And then there’s us. The Cerebral Palsy Family Network is a great place to start if you’re searching for other families living your experience. Our CPFN families have been where you are and have firsthand knowledge of the challenges you’re facing. Our website features thousands of helpful stories, articles, and resources. Our online community of over 100 thousand members can help you connect with other families to gain insights into how to give your child the best care possible, share your concerns, and celebrate your victories.
Whether your child’s CP was the result of a medical error or some other cause, CPFN offers a wealth of information and encouragement.
Additionally, research your local special needs organizations and resources. Many have parenting support and education programs and offer an opportunity to connect with other special needs parents in your local community.
Start Treating Your Child as Soon as Possible
Early intervention can be key to minimizing cerebral palsy symptoms and improving your child’s quality of life. There are many options available depending upon the severity of your child’s CP. Physical therapy, speech therapy, adaptive equipment, medication, even hippotherapy is being used to help kids with CP. These and many other options have the potential to help your child learn and grow as much as possible.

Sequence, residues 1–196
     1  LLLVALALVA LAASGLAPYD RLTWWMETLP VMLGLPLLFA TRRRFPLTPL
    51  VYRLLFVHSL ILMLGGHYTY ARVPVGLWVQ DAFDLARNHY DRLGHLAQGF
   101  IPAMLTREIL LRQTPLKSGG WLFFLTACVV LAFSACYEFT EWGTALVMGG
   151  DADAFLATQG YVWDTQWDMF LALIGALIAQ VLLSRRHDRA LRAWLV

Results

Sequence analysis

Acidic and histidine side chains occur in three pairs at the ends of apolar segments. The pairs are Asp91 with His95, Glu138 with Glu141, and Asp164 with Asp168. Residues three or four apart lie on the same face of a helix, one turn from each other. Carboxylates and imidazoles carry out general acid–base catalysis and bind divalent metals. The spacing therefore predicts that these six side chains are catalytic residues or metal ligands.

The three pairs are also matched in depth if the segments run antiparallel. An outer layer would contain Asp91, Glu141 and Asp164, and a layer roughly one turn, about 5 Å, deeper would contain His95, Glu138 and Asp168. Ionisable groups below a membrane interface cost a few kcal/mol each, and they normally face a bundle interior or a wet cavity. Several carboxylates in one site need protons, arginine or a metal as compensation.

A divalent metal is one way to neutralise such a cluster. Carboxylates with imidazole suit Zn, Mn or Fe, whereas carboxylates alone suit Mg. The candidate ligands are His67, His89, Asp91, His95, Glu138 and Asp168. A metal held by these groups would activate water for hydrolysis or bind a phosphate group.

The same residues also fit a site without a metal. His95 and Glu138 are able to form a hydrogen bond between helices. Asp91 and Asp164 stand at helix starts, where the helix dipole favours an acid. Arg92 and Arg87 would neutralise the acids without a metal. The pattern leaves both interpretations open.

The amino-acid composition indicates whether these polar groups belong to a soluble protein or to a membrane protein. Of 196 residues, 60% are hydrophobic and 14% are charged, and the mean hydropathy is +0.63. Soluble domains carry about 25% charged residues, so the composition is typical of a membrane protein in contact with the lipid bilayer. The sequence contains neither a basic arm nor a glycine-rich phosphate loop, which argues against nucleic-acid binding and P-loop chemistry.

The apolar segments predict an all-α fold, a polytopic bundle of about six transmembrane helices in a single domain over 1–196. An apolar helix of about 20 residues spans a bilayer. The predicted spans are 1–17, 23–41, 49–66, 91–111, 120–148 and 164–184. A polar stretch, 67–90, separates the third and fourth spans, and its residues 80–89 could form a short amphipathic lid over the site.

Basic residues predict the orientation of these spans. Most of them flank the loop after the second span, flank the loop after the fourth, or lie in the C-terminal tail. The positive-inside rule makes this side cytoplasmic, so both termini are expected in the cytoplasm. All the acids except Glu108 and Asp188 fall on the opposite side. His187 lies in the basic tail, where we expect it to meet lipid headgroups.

Your pediatrician can refer you to county and state support agencies that offer early intervention services. Research the variety of therapies and interventions available. The more you know before meeting with your child’s doctor, the better prepared you’ll be to determine what treatment is best for your child.